As live monitoring of the communication between the two parts of the pancreas is not possible in humans, we started looking for appropriate model organisms. The most important criteria were that the pancreas of the model system looks like the human pancreas and that the organism is transparent, which is important for live imaging. Zebrafish turned out to be a suitable model for our study since both the form and the function of the human and zebrafish pancreas are similar. Working with zebrafish is also very practical: two-day old zebrafish already have insulin-producing beta cells and their exocrine develops in four to five days after being born. What a role model! Furthermore, zebrafish larvae are small and transparent, which enables us to study their pancreases directly, functioning inside the body as the fish go through various conditions. A microscope can be used to look at the cells in more detail and to see what is happening. More specifically, we can induce damage in the exocrine portion of the zebrafish pancreas and, at the same time, look at the impact of that exocrine damage on beta cells in those zebrafish. In that way, we can find out if there is a relation between the two parts of the pancreas in the development of type 1 diabetes and hopefully gain some more insight into how the body works! Right now, we have been successful in creating several zebrafish lines and optimizing techniques that will provide us with an answer to our main question. Now, that sounds cool, doesn't it?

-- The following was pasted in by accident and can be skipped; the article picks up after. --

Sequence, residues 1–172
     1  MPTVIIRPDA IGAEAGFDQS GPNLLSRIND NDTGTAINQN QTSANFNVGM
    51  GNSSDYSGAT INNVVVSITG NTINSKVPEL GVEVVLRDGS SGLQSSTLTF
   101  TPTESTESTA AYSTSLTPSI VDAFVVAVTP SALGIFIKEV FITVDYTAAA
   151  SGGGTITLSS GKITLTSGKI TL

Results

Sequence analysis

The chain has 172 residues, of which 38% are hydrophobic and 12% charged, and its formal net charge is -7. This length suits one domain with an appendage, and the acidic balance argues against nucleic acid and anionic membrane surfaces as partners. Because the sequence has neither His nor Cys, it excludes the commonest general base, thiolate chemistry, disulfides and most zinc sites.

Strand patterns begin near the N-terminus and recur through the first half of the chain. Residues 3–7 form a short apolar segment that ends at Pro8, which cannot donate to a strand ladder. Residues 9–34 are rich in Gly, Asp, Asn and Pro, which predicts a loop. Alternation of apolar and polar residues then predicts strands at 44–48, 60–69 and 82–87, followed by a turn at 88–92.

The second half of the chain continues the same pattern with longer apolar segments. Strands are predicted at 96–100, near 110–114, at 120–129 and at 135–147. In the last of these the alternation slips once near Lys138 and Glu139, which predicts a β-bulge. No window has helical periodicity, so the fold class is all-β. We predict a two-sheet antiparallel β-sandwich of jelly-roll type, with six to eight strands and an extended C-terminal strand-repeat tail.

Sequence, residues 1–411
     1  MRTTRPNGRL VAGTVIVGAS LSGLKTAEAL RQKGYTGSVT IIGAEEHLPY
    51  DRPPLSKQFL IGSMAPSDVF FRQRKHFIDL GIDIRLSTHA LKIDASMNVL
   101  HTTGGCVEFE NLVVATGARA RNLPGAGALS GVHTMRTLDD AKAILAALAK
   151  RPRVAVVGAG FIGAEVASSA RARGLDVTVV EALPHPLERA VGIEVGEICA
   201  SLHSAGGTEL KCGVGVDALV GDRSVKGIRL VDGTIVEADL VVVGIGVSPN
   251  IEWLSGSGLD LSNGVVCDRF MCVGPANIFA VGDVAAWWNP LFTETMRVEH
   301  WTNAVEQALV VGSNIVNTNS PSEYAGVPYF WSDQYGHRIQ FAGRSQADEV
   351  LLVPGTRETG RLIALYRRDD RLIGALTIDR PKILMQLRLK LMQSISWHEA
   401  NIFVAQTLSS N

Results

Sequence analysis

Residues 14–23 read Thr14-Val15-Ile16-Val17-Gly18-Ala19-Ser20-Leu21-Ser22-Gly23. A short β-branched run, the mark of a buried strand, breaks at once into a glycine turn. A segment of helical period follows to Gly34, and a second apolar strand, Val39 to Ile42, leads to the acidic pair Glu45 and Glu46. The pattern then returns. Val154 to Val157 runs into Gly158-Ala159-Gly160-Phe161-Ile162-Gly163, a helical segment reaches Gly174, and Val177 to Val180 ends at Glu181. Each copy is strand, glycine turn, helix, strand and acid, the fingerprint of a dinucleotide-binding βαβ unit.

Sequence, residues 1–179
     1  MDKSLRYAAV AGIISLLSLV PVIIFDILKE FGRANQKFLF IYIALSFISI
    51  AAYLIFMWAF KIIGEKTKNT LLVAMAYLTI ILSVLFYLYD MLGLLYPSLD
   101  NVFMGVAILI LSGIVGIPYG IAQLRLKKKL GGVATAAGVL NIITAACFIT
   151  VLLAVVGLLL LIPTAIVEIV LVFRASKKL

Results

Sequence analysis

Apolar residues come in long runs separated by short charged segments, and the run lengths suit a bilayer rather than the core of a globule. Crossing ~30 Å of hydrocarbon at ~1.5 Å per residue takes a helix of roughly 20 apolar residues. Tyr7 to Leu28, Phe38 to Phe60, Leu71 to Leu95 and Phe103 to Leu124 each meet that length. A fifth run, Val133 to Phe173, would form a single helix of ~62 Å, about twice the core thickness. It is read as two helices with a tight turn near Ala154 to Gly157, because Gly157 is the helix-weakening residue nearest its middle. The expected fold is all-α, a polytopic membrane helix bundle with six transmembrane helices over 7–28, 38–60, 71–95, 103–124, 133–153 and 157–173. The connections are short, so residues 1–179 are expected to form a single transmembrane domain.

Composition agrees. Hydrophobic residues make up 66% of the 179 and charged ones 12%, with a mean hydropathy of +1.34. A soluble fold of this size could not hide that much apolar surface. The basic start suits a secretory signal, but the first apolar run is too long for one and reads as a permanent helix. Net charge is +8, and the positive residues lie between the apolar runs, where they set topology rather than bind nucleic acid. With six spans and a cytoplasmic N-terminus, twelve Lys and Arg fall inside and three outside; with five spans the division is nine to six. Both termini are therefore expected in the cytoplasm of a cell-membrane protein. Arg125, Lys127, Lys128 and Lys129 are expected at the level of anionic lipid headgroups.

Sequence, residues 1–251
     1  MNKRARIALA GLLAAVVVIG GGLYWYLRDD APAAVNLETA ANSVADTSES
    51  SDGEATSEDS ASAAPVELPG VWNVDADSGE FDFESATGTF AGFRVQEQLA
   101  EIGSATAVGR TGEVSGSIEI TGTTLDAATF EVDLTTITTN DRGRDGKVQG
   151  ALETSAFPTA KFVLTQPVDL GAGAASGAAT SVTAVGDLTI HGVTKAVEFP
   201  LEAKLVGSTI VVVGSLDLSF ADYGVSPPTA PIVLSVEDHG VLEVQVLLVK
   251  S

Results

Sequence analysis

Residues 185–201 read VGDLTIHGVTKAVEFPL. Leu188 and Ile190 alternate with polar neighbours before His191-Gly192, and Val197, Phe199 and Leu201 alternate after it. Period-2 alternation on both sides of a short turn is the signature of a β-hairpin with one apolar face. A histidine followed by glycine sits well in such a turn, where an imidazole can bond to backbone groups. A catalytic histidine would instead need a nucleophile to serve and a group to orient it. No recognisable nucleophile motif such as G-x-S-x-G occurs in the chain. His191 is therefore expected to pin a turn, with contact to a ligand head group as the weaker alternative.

T1D prevention is another strategy...
Living with type 1 diabetes is very challenging. People with T1D struggle daily to maintain their blood sugar levels within the normal range while exercising and even sleeping. By identifying a probable cause of type 1 diabetes, this research may help some people to avoid developing this condition in the future. By then—hopefully—young children at risk of T1D can enjoy their childhood without T1D.
'By identifying a probable cause of type 1 diabetes, this research may help some people to avoid developing this condition in the future.' Photo by Henk Veenstra.
This article was created in collaboration with RUG Magazine.
Noura Faraj is a PhD student from the UMCG / University of Groningen at the Department of Biomedical Sciences of Cells and Systems.